Scrimshaw Whale's Tooth Showing the Frances of New Bedford, Frederick Myrick, Nantucket, c. 1828-29, one side carved with banner reading "The Frances on the coast of Peru," above the whaleship with crew hoisting the blanket piece aboard and three whaleboats at the bow, and motto "Death to the living long life to the killers/Success to the sailors wives & greasy luck to whalers" below, the other side carved with banner reading "The Frances on her homeward bound passage," with lighthouse off the port bow, and inscription "Ship Frances of New Bedford" below, the tip carved on one side with crossed American flags, the other with an anchor and eagle clutching arrows and an olive branch, below a vine border, stars, and banner inscribed "E PLURIBUS UNUM," lg. 7 3/4 in.
Provenance: Collection of Jeffrey & Francine Cohen, sold at Richard A. Bourne, July 31, 1989, Lot 85; Richard A. Bourne, November 24, 1979, Lot 312.
Literature: This tooth, one of two known showing the whaleship Frances, is illustrated and discussed in Frederick Myrick of Nantucket Scrimshaw Catalogue Raisonne, compiled by Donald E. Ridley, P.E., and edited by Stuart M. Frank, Ph.D. (Kendall Whaling Museum, Sharon, Massachusetts, 2000), as tooth #30 F-2, p. 32.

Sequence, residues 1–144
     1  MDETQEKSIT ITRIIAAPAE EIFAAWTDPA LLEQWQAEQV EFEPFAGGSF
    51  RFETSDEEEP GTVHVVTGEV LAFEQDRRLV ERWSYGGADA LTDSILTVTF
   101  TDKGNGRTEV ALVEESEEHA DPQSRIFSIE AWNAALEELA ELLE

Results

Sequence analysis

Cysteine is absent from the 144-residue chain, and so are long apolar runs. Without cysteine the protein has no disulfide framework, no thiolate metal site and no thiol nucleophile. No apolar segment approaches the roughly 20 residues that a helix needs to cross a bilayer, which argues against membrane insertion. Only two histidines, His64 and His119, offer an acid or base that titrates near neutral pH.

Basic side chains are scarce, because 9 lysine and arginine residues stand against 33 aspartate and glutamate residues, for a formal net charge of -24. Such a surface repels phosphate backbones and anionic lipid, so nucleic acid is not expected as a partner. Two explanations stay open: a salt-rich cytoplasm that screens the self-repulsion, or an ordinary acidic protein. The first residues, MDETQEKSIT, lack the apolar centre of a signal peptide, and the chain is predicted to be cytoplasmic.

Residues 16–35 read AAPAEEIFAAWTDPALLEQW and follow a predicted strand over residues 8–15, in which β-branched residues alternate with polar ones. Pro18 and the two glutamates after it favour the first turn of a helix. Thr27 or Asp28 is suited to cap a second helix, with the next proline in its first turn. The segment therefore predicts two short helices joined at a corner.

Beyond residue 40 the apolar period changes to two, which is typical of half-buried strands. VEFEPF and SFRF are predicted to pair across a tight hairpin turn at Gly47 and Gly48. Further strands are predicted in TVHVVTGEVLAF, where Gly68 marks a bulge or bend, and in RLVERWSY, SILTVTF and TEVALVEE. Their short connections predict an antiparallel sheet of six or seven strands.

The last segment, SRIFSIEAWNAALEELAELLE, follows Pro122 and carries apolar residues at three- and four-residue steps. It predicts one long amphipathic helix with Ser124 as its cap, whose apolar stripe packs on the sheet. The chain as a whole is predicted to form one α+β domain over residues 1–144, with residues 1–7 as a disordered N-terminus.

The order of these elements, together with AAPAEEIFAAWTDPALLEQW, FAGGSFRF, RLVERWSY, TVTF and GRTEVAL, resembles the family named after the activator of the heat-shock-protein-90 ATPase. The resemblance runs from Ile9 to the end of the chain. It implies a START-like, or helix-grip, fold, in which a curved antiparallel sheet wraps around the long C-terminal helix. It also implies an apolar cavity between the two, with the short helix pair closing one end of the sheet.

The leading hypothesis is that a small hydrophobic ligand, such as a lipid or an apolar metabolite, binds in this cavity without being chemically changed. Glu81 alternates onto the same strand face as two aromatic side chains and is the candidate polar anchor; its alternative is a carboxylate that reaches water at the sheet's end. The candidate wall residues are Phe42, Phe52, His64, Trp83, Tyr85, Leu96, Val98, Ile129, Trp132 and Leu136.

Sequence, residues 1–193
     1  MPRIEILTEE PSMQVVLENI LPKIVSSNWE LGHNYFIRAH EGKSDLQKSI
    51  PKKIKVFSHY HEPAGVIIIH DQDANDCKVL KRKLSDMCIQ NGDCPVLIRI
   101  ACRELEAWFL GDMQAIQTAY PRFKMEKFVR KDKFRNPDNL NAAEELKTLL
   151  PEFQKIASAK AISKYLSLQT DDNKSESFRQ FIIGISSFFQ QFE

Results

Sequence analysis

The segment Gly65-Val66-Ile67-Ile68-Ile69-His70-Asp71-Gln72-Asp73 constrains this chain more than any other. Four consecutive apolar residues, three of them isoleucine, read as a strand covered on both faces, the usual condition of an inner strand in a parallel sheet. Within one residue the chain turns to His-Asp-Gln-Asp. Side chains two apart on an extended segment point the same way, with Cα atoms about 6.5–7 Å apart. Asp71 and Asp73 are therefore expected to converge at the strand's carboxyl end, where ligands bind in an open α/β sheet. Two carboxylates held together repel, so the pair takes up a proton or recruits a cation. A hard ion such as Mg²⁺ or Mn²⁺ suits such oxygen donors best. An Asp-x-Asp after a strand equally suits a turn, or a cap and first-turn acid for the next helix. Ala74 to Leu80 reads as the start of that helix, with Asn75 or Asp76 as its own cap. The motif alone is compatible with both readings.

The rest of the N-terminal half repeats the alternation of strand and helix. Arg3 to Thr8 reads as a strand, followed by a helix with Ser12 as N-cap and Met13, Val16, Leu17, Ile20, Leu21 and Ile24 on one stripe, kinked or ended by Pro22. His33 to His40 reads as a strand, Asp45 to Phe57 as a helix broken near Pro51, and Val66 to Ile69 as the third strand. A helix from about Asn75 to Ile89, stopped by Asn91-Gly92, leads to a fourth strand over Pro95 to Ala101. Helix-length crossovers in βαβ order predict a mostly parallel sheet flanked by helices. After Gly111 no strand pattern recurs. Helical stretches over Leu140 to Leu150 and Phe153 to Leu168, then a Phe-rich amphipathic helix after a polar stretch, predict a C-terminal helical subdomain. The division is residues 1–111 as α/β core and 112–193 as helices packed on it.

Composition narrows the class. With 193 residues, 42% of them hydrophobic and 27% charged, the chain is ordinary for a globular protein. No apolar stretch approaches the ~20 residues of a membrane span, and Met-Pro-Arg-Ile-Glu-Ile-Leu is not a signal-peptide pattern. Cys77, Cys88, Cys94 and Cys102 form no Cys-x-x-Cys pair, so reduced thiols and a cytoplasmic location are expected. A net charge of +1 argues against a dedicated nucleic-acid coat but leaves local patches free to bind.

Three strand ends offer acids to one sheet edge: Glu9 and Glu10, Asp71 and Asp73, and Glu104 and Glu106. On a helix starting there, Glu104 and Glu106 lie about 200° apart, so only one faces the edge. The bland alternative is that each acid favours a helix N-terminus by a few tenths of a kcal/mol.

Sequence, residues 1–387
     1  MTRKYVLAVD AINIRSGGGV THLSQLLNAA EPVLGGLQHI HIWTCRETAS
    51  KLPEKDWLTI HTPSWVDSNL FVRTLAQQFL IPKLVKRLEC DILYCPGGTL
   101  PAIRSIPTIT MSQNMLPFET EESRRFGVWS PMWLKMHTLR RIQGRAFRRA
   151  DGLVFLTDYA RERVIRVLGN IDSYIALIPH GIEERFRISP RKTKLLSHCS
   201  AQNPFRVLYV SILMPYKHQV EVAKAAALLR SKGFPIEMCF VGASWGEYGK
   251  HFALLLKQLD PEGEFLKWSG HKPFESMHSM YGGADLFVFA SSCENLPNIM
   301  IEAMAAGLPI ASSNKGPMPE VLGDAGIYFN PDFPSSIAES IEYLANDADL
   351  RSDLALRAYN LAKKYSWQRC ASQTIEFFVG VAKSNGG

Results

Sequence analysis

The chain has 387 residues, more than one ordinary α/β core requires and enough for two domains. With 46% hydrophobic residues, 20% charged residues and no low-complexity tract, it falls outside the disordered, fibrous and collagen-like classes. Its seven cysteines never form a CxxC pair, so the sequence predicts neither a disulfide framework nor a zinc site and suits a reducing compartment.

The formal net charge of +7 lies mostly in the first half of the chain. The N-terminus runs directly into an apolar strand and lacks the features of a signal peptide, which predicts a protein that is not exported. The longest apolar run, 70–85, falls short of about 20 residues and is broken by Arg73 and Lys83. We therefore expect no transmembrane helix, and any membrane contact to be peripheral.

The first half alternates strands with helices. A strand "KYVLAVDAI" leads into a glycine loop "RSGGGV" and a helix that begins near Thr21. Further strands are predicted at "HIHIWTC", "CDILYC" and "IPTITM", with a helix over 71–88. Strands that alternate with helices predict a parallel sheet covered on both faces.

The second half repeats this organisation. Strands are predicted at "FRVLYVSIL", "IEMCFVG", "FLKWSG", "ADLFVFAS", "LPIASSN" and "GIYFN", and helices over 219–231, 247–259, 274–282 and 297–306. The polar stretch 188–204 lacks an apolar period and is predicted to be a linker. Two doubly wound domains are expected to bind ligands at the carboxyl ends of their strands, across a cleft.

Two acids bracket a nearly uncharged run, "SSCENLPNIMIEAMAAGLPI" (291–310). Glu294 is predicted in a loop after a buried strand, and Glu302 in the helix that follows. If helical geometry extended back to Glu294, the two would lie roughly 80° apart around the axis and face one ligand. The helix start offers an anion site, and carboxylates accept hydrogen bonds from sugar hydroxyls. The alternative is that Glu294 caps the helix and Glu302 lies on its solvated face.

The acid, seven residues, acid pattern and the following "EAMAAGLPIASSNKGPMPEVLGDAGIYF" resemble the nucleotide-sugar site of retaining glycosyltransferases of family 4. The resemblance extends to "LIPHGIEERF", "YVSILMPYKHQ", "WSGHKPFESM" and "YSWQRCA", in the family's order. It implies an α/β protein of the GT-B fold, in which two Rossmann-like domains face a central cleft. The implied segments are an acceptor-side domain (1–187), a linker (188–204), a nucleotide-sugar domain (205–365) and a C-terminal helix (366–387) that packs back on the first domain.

Note: In a biographical note that appears in the catalogue raisonne, Stuart Frank writes that Frederick Myrick is "undoubtedly the most famous scrimshaw artist...[and his] work will likely always remain a cornerstone of any scrimshaw collection." Myrick's work, according to Frank in Ingenious Contrivances, Curiously Carved: Scrimshaw in the New Bedford Whaling Museum (David R. Godine, Boston, 2012), is collectively known as "...Susan's Teeth. Today, connoisseurs regard Susan's Teeth as the benchmarks of any collection." (p. 22). Myrick is known to have produced approximately thirty-five teeth, most of which do indeed show the whaleship Susan, on which he spent three years during a voyage to the Pacific. His teeth, according to Frank, are "each engraved on both sides, each with two proficient portraits of the same ship, whether whaling, cutting in, or homeward bound, and each with spread eagles, anchors, flags, and mottos. They are very much alike; and yet each one is unique, with the same components used over and over again, but differently deployed in each case, in conformity with the contour of each of the individual teeth." (p. 22).
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